A guy on a jazz webpage I occasionally look at was wondering if El Espiritu Jibaro is indeed jibaro (Puerto Rican slang for “hillbilly”) and not just more plena—a West African–derived style apparently at the root of most Ricanjazz fusions. I bet the difference is why I find Toro’s nimble fingering so novel and refreshing—Robert Palmer’s Times description of Toro as “a Puerto Rican Jimi Hendrix” has followed him around for years, but a better comparison might be to Anton Karas’s zither on Carol Reed’s Third Man soundtrack. There are no slavish bows to “authenticity” here: Though the adjoining “Preludo” and “El Amor” are respectively identified as a marcha/danza moderna and a bolero moruno in the liner notes, Rudd’s arrangements and baleful solos transform them into dirge-like anthems as stirring as the ones Carla Bley showcased him on in the ’70s. The most wounding of the tracks is a Rudd gospel number replete with church organ but flutteringly sung by Alessandra Belloni, an Italian tarantella specialist. Meanwhile, the most festive of the party-like uptempos is Rudd’s “Bamako,” an all-purpose riff he’s also recorded with both Lacy and Diabate—given that it’s named after Mali’s capitol, who knew it was a merengue?
In late June, Rudd brought his Malicool band to Jazz Standard minus the kora—the African player slated to fill in for Diabate was stranded in Paris after his passport got stolen. “We have the kora in ourselves,” Rudd assured the audience. But maybe not. “Charming as this is and as much as I’m enjoying it, I don’t hear a single Malian element,” claimed the guy next to me, an esteemed rock critic who knows more about world music than I ever will, midway through the opening “Way Down in Mali.” Frankly, all that mattered to me, as Rudd burst loose from a steel-drum groove, was that the African instrumentation supplied an effective backdrop. It was a pleasure to hear him in full cry, a jabbing reminder of why he was so missed.
But for those who prefer their Rudd bare-boned, there’s Airwalkers (a collaboration with bassist Mark Dresser) and Early and Late, featuring him on tour with Lacy and the late sopranoist’s regular bassist and drummer in 1999 and 2002, and—not just an afterthought, but the double CD’s raison d’être—as a member of a quartet Lacy used to record four previously unissued 1962 demos.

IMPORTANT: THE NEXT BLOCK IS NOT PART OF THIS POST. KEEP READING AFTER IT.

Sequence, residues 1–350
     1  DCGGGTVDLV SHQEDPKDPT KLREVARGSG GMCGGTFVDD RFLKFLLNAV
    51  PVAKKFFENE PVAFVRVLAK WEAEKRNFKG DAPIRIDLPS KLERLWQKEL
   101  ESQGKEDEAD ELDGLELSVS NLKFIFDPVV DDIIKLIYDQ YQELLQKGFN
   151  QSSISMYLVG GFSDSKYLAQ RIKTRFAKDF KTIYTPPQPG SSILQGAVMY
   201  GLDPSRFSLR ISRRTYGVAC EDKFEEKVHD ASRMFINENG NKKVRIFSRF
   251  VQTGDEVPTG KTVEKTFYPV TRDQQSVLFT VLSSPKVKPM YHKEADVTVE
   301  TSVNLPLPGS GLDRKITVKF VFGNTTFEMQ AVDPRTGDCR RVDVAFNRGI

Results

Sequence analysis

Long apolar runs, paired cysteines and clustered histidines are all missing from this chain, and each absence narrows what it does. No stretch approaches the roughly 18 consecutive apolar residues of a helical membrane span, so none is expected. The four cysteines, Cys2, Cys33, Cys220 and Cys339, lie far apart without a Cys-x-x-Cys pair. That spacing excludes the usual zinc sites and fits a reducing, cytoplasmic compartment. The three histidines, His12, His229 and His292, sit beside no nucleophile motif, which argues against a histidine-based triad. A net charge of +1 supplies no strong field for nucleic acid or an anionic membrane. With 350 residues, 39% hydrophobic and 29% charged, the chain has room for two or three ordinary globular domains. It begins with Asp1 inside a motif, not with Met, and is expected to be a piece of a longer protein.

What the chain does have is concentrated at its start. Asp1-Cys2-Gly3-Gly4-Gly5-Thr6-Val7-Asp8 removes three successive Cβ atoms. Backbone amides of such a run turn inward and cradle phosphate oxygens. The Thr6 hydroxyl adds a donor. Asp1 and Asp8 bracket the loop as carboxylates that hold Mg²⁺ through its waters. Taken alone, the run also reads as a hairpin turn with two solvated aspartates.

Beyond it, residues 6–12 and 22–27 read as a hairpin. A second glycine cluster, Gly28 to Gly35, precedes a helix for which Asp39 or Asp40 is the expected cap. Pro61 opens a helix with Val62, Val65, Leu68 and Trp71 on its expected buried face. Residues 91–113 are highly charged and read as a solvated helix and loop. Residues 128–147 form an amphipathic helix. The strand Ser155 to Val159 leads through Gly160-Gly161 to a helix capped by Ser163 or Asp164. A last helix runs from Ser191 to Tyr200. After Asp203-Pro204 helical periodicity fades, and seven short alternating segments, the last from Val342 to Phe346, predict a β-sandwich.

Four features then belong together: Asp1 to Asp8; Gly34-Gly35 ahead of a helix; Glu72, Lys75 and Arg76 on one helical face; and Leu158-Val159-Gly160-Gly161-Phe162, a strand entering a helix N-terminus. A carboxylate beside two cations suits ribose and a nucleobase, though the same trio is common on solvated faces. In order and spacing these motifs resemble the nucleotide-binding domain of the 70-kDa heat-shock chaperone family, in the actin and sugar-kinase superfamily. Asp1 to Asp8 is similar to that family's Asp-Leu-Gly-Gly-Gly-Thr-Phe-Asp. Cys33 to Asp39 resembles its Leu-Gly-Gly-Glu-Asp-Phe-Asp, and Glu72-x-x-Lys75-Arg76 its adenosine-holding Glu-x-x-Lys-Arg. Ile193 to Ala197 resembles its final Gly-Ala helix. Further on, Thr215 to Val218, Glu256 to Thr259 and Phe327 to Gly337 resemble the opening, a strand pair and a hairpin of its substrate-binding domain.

With Dresser snapping strings against wood until it creaks and Rudd blowing so hard you can hear the metal in his horn resonate, the freely improvised duets on Airwalkers are elemental, but not strictly—there’s also plenty of in-tempo walking and wailing, and it inevitably comes across as something both players were planning all along, never a momentary respite from all the sonic hijinks. Rudd’s tone is as beery as any trombonist’s since Jack Teagarden, and it serves him well on “Don’t Blame Me,” the album’s only standard and a genuine heartbreaker.
Lacy, who had in common with Rudd an apprenticeship in Dixieland, also retained a love for polyphony, and some of Early and Late‘s best moments come when what starts off as a solo escalates into full-scale simultaneous improvisation, Lacy splitting notes and dirtying up his tone here and there to match Rudd’s growls. (For his part, Rudd quotes nursery rhymes in keeping with the sprung rhythms of Lacy’s tunes.) But the set’s real value lies in those demos by an historically crucial quartet otherwise represented on record by only a dim and poorly distributed concert LP released years after the fact. Despite eventually becoming notorious for playing Monk—and only Monk—before anyone else quite grasped either the full extent of his deviations from bebop orthodoxy or the whole point of jazz repertory, the quartet was still interspersing its Thelonious with tunes by other composers when they made their only foray into the studio.
So along with pianoless interpretations of “Think of One” and “Eronel” (two takes) that head straight for the spry melodies above and the off-kilter rhythms below those suspended chords, their audition also included a curving, spinning, and polyphonic (naturally) dash through Cecil Taylor’s “Tune 2” that might have settled the question of his direct lineage from Monk once and for all, had anyone heard it back then. Heard today, the brainy intensity on all four performances—plus the enduring riddle of their song-based approach to free improvisation—keeps them sounding new, situated in evolving tradition rather than in the past. They are this year’s rara avis, hands down.